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May 2, 2014

Protestors defend Villarreal fan

Barcelona's Dani Alves has sparked an anti-racism campaign on social media with some famous footballers following his lead.

A campaign has been launched in support of the Villarreal supporter who threw a banana at Dani Alves last weekend, with one of his relatives saying he has been "lynched" by the media.

Hunter: Anti-racism momentum needed
Corrigan: Spain's head still in the sand

Barcelona and Brazil right-back Alves peeled and ate the banana thrown at him during a La Liga game at Villarreal on April 27. Neymar, his colleague for club and country, then immediately set in motion a pre-planned "banana-themed" social media anti-racism campaign, which received support from a number of high-profile players, including Sergio Aguero, Luis Suarez and Mario Balotelli. Leading global political figures such as Brazil president Dilma Rousseff and UN secretary general Ban-Ki Moon also offered support.

David Campayo, 26, was swiftly identified as the culprit and banned by Villarreal before being arrested by the local police and charged with provoking a racist incident.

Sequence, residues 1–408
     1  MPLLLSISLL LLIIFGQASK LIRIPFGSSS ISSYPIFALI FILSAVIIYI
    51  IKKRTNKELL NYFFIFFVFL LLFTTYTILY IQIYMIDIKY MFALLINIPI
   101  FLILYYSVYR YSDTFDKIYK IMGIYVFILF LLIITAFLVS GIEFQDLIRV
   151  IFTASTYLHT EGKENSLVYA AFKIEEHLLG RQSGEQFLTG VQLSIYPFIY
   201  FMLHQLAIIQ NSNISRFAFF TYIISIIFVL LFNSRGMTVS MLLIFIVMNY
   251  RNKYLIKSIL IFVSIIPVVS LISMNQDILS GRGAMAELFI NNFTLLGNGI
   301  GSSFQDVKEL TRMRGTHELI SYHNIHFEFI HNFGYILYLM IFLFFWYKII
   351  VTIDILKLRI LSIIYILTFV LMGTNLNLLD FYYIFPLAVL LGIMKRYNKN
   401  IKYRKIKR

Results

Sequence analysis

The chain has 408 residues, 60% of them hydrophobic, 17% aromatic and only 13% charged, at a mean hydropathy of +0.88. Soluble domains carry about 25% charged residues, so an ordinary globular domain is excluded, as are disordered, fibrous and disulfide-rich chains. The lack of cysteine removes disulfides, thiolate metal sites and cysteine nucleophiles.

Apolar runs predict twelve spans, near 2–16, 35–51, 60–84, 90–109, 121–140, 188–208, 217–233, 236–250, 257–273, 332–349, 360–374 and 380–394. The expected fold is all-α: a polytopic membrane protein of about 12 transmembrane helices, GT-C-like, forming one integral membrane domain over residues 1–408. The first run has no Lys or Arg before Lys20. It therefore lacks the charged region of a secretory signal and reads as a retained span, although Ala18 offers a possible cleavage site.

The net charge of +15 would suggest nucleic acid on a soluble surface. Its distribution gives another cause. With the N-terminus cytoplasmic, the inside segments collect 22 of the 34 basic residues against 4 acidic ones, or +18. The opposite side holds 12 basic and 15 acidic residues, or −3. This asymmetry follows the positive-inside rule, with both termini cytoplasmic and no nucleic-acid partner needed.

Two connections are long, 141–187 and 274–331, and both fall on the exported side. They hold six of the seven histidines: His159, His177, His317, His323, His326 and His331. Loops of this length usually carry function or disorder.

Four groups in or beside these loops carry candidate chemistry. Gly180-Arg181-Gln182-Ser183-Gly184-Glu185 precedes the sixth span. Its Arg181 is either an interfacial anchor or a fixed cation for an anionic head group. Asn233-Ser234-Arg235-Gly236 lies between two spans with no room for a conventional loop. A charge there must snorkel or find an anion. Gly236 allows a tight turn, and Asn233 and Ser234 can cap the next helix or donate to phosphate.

However, the media reaction, which has included the widespread publication of Campayo's photo, has angered the youth's family and friends. A protest against this coverage was called for Vila-real's Plaza Mayor on Thursday evening, with the organisers using the slogan "We are all David" -- an apparent play on the "#weareallmonkeys" hashtag Neymar used when launching the social media campaign.

An unnamed family member told the EFE news agency: "One thing is the error he has made, which he will pay for; another is the lynching, which has been disproportionate."

Marca, meanwhile, quotes another anonymous supporter as saying: "Some journalists and media outlets have been very eager to do damage to our colleague, David.

"A protest has been organised against all the press and their negative actions -- they have done nothing more than dirty the name of our town and its inhabitants. He is no racist nor a violent person. He threw the fruit purely because he was angry in the moment. His action does not deserve this continuous lynching."

According to AS, about 1,000 people attended the protest, displaying placards that read: "Turn off the TV, open your mind" and "Stop journalism, stop misinformation." AS also reported that there were "moments of tension" between the protesters and reporters sent to cover the event.

The incident, and especially the reaction from Alves and Neymar, has brought extra focus on the issue of racism in Spanish sport. El Pais published a feature that examined the many incidents that have occurred over the last decade, accusing clubs and government authorities of failing to take action amid talk of "isolated incidents" and people getting carried away in the heat of the moment.

"The attitude of the [Spanish government's] Commission Against Violence and Racism is lazy and laissez-faire," campaigner Esteban Ibarra told El Pais. "All that happens here is that we cover up racism and violence."

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